Setting up Tmuxinator

Posted by Ryan Himmelwright on Thu, May 23, 2019
Tags linux, dev, dotfiles, customization, shell
Port Angeles, WA

Several weeks ago I wrote about scripting a tmux session’s initialization. At the end of the post I mentioned that while writing it, I had learned about tmuxinator. I even teased that it looked so good, I may switch to it eventually. Well… that didn’t take long. I’ve scrapped my tmux shell scripts, and have converted to using tmuxinator. Here’s how.

What is Tmuxinator?

Tmuxinator is a command line application that makes it easy to create and manage tmux sessions. It allows a user to define how to setup a session, including naming windows, splitting panes, and what commands initially run in each pane. The configuration is done in yaml, so it is very easy to figure out and get started.


Most distros probably have tmuxinator in their offical repos. These days, I mostly run Fedora on all of my machines and I was able to find it there:

sudo dnf install termixinator

However, I found that this version was quite out of date (0.6.11) even on my new Fedora 30 install, so I recommend using the method stated on the project’s Github page (requires rubygems) to install a much more current version (1.1.0):

gem install tmuxinator


To create a new tmuxinator profile, pass the desired project name to tmuxinator new:

tmuxinator new Website

This will open up a new tmuxinator template inside your default editor. The default template contains a bunch of comments that help guide how to configure it.

The first thing to set at the top of the template is the name field, followed by the root directory. The tmux session name is defined with name, and root will be the directory which all of the windows/panes open up in by default. For example, when converting my website script, I set name to Website and root to the location where I keep my website’s git working directory, ~/Documents/himmAllRight-source:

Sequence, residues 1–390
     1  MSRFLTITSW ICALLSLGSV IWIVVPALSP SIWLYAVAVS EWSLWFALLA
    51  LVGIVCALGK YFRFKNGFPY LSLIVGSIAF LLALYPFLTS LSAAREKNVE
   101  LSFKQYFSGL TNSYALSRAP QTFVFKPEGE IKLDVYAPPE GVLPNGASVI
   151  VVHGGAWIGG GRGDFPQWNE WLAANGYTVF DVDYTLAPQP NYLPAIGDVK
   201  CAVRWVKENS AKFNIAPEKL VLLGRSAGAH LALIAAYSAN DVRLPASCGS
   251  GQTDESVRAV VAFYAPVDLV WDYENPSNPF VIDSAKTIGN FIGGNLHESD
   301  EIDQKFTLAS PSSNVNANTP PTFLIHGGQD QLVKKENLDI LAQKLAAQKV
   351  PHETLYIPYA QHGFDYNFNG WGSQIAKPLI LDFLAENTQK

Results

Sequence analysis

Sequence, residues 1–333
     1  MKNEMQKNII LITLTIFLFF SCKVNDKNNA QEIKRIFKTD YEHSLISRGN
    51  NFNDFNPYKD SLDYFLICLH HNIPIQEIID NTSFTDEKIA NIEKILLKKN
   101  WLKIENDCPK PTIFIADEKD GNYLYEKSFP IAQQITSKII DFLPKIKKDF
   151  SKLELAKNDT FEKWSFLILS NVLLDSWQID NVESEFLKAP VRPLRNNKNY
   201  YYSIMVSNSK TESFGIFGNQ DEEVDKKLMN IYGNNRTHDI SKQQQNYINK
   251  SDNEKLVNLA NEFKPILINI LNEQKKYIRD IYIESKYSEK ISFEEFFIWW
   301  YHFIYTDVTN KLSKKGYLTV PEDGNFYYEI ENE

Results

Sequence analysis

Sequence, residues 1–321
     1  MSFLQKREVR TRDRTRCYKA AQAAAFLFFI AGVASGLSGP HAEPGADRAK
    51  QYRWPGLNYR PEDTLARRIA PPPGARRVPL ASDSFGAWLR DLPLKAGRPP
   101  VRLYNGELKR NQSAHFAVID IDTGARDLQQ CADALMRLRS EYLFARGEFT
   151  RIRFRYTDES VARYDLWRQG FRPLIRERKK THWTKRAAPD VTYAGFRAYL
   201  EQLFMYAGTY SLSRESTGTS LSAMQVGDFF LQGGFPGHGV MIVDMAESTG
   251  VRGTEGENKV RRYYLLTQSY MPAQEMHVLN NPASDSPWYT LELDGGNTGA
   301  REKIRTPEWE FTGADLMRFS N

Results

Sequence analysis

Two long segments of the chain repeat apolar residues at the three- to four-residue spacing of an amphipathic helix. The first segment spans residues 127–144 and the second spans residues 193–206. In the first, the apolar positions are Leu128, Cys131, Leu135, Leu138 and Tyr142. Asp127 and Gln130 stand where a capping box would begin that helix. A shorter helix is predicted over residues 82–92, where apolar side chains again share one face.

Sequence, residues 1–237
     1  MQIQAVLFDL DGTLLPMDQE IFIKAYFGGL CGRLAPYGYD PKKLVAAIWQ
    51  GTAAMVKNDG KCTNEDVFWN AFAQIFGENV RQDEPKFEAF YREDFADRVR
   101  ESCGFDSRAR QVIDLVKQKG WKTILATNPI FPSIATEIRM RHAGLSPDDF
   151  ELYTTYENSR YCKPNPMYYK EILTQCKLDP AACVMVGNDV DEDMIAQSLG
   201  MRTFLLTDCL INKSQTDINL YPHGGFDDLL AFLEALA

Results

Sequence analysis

# /home/ryan/.config/tmuxinator/Website.yml

name: Website
root: ~/Documents/himmAllRight-source


Next, I needed to configure my windows. To convert the script from my previous post, I wanted a dedicated ‘Main’ window, one for the server, one for vim, and one for an extra shell. Additionally, since that last post I’ve added a window that launches my hugo-served website in a web browser. To recreate all of that with tmuxinator:

  - Main:
      - zsh
      - clear
  - Server: hugo serve -D -F
  - Write: nvim
  - Shell: zsh; clear
  - Web: qutebrowser localhost:1313

Done. Save the file and that’s it! See the benefit of using tmuxinator??

Pane splits

While I don’t use them in this example configuration, it should be noted that setting up pane splits is also quite easy with tmuxinator. For example, if I wanted to split the server window into two panes, one running the hugo server and one running htop, I could use:

- Server:
    layout: even-vertical
        - hugo
        - htop

The layout key defines which tmux layout to use when splitting the panes, and panes is a list that defines what to run in each pane.


Launching Website tmux session with tmuxinator
Launching my website tmux session with tmuxinator

To start up the newly defined tmuxinator project, use tmuxinator start:

tmuxinator start Website


All of the tmuxinator profile templates are stored at ~/.config/tmuxinator, which means they can easily be copied to a new machine, or even saved/maintained in source control.

Note: I think older versions stored them at ~/.tmuxinator/, so check there if they are missing.


That’s it. While scripting my own method was a good bash exercise and helped me learn the details of tmux a little bit better, I ultimately think that tmuxinator is the way to go. This is especially true when using tmux to work on several projects or even across multiple machines. If you still haven’t tried tmux… I highly recommend checking it out!

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